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Microsoft officially ended support for Windows 7 on Tuesday. The company will no longer push out security updates, with the exception of enterprise customers paying for extended support until 2023. To avoid becoming vulnerable to future exploits and weaknesses, users are advised to upgrade to Windows 10.
ZDNet notes that if you go to the Windows 10 ISO download page and grab the media creation tool, you can run the wizard, select "Upgrade this PC now," follow the prompts, and get a valid Windows 10 activation key. This works as long as you have a legit Windows 7 or Windows 8.1 installation. It even works for Pro and Ultimate versions.
No matter what you do, be sure to make a backup before starting and keep in mind that when upgrading from W7, it will wipe your settings and some apps. It's a good idea to note the apps you use most often so you can re-download the W10 versions later in the event they don't transfer over. Windows 8.1 rolls smoothly into W10, so this is not a concern.
In its push to get Windows 10 installed on "one billion" devices by 2018, Microsoft employed several tactics from overly aggressive nag popups to downright deceptive window modifications. The silver lining was that at least the upgrade was free for Windows 7 and 8.1 users. Microsoft officially ended its gratis offer in 2016 but continued it for Assistive Technology users through most of 2017.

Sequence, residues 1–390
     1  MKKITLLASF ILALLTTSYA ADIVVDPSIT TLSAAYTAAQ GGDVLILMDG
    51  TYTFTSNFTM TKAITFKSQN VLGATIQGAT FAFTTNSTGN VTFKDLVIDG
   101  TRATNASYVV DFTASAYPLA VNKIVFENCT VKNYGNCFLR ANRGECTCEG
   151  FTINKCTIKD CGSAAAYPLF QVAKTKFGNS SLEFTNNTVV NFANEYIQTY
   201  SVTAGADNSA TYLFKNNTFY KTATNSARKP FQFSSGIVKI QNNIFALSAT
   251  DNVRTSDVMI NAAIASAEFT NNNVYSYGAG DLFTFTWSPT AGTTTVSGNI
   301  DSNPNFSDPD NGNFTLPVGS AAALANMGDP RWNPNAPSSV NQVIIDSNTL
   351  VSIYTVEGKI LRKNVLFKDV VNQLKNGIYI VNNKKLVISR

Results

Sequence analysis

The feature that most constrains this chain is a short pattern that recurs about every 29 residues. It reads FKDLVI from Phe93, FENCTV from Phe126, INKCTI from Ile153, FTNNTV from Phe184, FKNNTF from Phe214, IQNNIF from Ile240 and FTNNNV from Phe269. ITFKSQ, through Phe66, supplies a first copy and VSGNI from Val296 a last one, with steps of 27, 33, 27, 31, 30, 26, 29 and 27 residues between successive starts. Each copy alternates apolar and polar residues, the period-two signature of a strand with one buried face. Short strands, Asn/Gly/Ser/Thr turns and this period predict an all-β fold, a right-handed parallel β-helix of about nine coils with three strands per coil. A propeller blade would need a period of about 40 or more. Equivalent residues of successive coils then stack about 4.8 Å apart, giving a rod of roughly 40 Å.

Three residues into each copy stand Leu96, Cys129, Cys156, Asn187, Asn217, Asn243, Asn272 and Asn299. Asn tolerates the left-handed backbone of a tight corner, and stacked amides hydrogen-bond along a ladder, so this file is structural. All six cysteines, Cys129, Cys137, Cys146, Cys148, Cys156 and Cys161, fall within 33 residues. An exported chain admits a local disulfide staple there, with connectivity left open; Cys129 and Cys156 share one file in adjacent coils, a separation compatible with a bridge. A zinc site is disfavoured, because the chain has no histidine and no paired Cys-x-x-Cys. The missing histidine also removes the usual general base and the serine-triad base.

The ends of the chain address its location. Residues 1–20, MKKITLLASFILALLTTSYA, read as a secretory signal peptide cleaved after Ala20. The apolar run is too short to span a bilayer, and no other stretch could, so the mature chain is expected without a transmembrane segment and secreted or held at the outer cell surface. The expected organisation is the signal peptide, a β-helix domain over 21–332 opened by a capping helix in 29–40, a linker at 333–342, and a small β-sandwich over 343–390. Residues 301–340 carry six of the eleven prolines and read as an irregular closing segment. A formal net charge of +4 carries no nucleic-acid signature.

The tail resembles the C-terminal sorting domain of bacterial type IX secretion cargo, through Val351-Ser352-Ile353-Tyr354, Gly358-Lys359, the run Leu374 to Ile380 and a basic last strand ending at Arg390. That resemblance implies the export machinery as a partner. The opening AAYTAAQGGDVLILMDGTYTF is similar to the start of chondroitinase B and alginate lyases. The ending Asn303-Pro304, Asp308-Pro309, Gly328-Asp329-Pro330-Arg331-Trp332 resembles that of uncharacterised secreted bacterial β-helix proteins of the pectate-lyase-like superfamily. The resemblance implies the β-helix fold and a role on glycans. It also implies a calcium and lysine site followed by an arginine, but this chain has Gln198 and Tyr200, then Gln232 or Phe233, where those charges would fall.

It appears that while Microsoft removed its official free download pages, it left the media creation tool online and never changed it to exclude Windows 7 or 8.1 keys. This may have some wondering if this is even legal or if Microsoft will invalidate their install down the road.
This may indeed be something that slipped by Microsoft. In its FAQ, it states that to use the media creation tool, you will need a valid Windows 10 product key, but this is not true since valid W7 and 8.1 keys still work.
According to a Redditor who claims to be a Microsoft engineer, the company does not run license audits on individual PCs. It is more concerned with volume licensing. He adds that execs care more about upgrade stats than licensing revenue.
"That whole 'free' upgrade for a year was fully marketing fluff," the Redditor said. "Terry Meyerson cared more about his upgrade stats than license revenue as Windows isn't Microsoft's cash cow anymore."
At the time, Microsoft was aiming for a billion upgrades. As of last September, it was sitting at 900 million Windows 10 installs globally.
Of course, if taking the word of a basically anonymous Reddit user is not enough to clear your conscience, perhaps you should go ahead and pay for a copy of Windows 10.
Masthead credit: Anton Watman via Shutterstock